...while libertarian economic policies have been tried out by Washington, with self-described libertarian officials and lawmakers doing the trying, aside from Ron Paul there has been no instance of policymakers of the libertarian persuasion embracing, or even considering, the noninterventionist strategies advocated by Cato. If anything, it is the progressive wing of the Democratic Party that has been trying—and not very successfully—to promote such policies, which Republicans typically bash as “anti-American.”I'm glad to see this, because I've been thinking along these lines for sometime. There is a powerful streak of utopianism in the libertarian philosophy, that cannot work in the real world. While they can bring a strong and valuable critique in the economic world, especially in our very statist world, their foreign policy thinking is less valuable because it is based on simplistic, utopian assumptions about the way people think and associate. While it still good to hear a non-interventionist argument, it is also too easy to dismiss it if it sounds 'pie-in-the-sky' and too idealistic. To have any leverage in our world, libertarian arguments have got to have a strong dose of realism in them.
In a way, underpinning the philosophy of American libertarianism—and mirror-imaging that of 19th century socialism—has been the belief that the political institutions of the nation-state would fade away as the principles of political liberalism and the free market spread worldwide, making traditional foreign policy irrelevant. Nations would focus most of their energies on trading with each other: making money, not war. All we need to do is reduce the power of government over the economy, ensuring that governments don’t have the resources to fight wars. That is a more important goal than considering the intricacies of, say, American policy in the Middle East.
But to paraphrase what Trotsky said about politics, “You may not be interested in foreign policy—but foreign policy is interested in you!” At a time when almost 40 percent of the expenditures of the federal government go to America’s wars and other defense and defense-related tasks, the notion that cutting taxes can bring us to the libertarian Promised Land sounds delusional. That is exactly what President George W. Bush and the neocons tried to do for eight years—and failed. The problem is not going to be solved by reducing Pentagon waste, but only by transforming U.S. strategy in the Middle East.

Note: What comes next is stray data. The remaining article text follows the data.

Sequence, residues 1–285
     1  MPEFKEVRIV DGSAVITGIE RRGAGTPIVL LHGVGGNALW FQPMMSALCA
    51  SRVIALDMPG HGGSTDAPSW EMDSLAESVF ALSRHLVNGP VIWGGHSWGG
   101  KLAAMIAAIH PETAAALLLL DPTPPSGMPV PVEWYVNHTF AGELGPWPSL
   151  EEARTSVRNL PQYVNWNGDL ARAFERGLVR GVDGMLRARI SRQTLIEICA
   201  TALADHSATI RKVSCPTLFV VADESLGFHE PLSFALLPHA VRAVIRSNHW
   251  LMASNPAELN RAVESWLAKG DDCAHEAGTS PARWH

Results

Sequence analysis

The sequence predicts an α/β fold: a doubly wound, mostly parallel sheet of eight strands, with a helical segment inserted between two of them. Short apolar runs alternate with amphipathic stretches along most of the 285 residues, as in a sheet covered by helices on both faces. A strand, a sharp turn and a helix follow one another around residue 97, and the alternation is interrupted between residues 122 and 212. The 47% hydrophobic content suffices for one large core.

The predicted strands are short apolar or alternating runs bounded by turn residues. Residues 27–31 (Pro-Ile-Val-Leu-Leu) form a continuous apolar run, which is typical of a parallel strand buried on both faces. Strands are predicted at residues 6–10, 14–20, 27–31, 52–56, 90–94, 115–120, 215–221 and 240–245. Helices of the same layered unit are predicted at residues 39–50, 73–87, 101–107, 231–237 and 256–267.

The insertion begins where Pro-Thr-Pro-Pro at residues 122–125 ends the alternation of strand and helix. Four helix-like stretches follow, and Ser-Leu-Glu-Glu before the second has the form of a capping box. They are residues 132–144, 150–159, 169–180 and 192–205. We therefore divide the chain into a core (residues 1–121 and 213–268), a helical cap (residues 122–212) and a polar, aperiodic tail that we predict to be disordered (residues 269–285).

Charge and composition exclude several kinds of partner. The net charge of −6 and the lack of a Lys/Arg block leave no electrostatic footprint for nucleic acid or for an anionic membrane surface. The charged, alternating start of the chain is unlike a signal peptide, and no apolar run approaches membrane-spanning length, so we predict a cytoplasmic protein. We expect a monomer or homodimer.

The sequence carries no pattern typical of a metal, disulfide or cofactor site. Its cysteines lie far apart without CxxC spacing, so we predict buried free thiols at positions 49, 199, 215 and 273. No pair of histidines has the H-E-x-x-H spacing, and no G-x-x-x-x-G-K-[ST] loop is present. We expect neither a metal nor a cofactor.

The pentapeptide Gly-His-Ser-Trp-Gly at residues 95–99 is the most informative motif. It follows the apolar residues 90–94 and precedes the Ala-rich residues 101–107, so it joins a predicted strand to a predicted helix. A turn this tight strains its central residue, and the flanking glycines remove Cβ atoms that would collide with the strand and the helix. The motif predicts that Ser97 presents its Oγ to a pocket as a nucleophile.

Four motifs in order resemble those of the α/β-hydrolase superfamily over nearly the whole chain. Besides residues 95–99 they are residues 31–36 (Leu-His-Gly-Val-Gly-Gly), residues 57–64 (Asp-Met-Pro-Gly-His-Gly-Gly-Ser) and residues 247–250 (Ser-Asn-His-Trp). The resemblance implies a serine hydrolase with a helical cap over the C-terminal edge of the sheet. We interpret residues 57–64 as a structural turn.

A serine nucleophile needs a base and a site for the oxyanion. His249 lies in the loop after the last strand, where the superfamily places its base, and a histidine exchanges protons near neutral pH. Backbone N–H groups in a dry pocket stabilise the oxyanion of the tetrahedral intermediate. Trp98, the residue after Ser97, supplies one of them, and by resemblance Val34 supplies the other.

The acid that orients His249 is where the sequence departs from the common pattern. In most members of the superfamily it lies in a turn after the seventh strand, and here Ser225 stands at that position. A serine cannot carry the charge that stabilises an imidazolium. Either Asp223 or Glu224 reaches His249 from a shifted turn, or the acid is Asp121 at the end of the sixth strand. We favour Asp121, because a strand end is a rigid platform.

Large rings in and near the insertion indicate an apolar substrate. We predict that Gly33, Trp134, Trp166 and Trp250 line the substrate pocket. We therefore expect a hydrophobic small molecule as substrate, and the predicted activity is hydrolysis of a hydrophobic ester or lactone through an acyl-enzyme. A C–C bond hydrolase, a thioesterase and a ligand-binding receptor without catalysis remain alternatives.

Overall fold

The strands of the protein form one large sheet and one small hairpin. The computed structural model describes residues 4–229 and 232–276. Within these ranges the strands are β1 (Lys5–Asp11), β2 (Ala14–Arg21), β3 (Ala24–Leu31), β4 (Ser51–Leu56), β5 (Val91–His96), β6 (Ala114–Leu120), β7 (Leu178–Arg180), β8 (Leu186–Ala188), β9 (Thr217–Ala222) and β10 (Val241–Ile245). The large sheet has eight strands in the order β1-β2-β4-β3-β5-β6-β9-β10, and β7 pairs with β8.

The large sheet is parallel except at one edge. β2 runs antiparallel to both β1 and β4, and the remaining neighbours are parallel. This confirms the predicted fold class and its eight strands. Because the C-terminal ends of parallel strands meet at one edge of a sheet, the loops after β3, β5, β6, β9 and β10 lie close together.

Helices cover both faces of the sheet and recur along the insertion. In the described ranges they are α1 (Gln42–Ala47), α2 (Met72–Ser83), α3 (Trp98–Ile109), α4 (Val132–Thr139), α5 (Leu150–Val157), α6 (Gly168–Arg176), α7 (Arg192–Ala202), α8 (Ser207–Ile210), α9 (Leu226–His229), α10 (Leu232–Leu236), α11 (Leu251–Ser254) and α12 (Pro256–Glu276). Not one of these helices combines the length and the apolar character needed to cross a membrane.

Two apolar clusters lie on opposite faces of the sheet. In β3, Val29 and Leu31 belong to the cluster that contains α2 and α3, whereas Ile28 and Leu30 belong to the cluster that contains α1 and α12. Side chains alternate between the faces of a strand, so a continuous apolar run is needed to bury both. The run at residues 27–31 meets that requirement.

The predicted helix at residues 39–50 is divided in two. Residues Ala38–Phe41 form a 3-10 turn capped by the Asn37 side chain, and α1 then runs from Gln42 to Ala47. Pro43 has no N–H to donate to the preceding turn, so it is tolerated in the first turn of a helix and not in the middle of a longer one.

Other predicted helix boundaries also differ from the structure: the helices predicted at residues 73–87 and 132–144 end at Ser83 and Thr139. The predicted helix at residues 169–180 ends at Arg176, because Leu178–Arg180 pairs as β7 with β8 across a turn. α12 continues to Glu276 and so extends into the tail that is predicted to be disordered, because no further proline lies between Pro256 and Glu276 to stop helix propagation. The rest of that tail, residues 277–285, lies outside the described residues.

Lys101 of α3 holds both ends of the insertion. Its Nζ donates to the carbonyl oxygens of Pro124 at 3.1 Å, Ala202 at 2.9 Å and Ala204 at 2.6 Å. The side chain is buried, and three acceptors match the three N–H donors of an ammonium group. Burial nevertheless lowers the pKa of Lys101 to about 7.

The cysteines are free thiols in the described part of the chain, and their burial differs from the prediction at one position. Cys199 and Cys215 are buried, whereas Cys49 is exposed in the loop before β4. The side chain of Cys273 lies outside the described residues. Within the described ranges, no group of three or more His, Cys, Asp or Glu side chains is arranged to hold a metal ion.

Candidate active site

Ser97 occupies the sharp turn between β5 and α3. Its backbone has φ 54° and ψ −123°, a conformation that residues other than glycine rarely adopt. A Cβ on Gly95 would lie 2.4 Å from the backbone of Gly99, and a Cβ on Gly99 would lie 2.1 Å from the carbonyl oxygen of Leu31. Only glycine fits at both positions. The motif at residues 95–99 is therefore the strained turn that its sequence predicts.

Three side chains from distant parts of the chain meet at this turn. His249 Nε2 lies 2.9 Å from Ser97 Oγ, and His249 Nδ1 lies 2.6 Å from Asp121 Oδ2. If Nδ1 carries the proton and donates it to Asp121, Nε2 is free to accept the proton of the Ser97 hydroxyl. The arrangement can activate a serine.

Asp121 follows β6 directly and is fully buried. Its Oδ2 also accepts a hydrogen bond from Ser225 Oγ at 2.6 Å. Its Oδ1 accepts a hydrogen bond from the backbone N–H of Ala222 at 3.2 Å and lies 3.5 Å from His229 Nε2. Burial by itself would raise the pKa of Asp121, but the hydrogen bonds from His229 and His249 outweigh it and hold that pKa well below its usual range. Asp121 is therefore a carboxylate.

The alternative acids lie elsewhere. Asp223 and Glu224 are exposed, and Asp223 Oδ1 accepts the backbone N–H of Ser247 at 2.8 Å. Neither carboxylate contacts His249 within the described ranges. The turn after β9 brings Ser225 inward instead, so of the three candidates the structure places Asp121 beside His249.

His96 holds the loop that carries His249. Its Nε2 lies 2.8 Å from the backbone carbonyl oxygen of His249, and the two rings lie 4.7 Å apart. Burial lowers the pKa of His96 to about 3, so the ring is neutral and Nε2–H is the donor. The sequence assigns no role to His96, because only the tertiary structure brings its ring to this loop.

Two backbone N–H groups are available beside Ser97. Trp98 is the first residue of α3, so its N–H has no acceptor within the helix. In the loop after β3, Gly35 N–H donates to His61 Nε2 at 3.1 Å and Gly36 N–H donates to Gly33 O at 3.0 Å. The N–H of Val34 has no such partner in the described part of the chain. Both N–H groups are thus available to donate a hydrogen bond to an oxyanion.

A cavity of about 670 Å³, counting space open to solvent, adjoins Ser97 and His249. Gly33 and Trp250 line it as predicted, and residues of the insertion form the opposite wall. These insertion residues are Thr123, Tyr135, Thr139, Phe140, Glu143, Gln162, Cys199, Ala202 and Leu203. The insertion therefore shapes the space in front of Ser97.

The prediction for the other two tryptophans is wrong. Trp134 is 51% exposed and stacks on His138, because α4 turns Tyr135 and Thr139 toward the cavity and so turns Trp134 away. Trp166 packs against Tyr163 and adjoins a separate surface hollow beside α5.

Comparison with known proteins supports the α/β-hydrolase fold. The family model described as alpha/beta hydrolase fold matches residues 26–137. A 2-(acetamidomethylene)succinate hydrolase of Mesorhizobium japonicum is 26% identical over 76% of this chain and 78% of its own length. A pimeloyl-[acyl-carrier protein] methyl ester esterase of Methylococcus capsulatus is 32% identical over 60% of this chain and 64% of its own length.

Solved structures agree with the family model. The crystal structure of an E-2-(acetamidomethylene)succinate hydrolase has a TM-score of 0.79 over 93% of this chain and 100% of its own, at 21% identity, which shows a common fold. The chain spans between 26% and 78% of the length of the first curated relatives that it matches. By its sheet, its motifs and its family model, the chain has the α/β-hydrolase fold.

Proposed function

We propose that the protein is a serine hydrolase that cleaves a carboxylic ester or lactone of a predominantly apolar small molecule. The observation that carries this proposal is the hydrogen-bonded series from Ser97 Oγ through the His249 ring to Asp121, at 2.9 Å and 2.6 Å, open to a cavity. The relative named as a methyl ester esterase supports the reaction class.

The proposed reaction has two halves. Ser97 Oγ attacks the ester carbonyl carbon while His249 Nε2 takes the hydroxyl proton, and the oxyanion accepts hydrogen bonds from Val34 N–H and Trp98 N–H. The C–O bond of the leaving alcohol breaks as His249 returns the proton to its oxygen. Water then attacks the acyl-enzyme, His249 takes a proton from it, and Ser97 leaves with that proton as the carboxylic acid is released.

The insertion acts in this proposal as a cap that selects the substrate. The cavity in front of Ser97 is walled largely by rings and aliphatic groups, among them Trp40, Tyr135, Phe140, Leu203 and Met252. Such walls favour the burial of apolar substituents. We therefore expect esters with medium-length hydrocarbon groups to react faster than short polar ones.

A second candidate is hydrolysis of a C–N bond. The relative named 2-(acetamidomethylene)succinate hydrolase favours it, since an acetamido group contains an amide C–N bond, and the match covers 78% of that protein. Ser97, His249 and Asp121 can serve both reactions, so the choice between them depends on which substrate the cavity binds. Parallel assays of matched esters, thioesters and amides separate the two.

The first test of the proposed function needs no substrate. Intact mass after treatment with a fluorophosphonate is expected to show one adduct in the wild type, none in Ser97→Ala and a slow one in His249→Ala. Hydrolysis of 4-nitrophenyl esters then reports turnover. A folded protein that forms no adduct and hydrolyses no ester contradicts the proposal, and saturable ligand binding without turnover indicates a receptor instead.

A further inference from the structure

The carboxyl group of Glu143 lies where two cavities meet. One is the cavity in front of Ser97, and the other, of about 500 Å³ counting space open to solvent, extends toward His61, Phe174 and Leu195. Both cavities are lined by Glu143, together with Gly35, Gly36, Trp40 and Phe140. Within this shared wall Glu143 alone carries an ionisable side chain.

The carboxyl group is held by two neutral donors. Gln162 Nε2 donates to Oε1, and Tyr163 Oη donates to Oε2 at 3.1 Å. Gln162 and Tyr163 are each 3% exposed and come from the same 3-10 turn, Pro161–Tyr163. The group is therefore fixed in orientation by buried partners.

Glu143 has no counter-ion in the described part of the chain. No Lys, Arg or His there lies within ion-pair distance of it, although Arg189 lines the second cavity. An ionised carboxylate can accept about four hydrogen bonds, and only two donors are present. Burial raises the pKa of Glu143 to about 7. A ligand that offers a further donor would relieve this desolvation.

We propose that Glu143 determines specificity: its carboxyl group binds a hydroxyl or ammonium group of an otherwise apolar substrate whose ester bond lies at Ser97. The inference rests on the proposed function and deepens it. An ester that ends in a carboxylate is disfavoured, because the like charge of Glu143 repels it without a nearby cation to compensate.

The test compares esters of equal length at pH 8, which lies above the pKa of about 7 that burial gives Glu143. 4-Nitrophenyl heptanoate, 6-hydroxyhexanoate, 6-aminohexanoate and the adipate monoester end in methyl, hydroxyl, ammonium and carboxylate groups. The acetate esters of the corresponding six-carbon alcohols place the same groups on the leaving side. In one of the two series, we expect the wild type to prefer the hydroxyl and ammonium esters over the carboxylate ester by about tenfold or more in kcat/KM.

American libertarians need to recognize what socialists and classical liberals in Europe came to conclude after the two world wars—that nationalism remains a mighty political force that cannot be overwhelmed by the power of markets and globalization. That explains why Bush’s Freedom Agenda helped release the power of tribalism, ethnicity, and religion in the Middle East, as opposed to creating liberal political and economic systems. It also explains why the American people and right-wing elites remain attached to their own form of nationalism, American Exceptionalism.
Such nationalism may not make much sense from the economic point of view that drives libertarianism, yet it is a reality that is not going away any time soon. Under these conditions, libertarians can only do foreign policy by working with other groups on the left and the right, including the members of the somewhat dormant realist wing of the Republican Party, traditional conservatives, and progressive Naderites. This is their only hope to counter the influence of neoconservatives and liberal interventionists.
At the same time, libertarians following in the footsteps of classical liberal political forces in Europe—Germany’s Free Democratic Party comes to mind—need to draw an outline of a pragmatic, less militarized, and less interventionist foreign policy, while still working to strengthen political liberty and free markets at home. In short: advancing Classical Liberalism in One Country.
People will die for their country--or for their family or their religion or their own personal liberty--every day. Have you ever heard of anyone willing to die for the free market?
In any case, I still like Ron Paul and his political integrity. I'm glad he's around, bringing a word of peace and non-interventionism and constitutional fidelity to the table. Sometimes all he's doing is playing 'devil's advocate', but that's position needs presenting. He's not always realistic, but given our recent history of global neo-imperialistic actions, he's got a message to tell that Americans need to hear.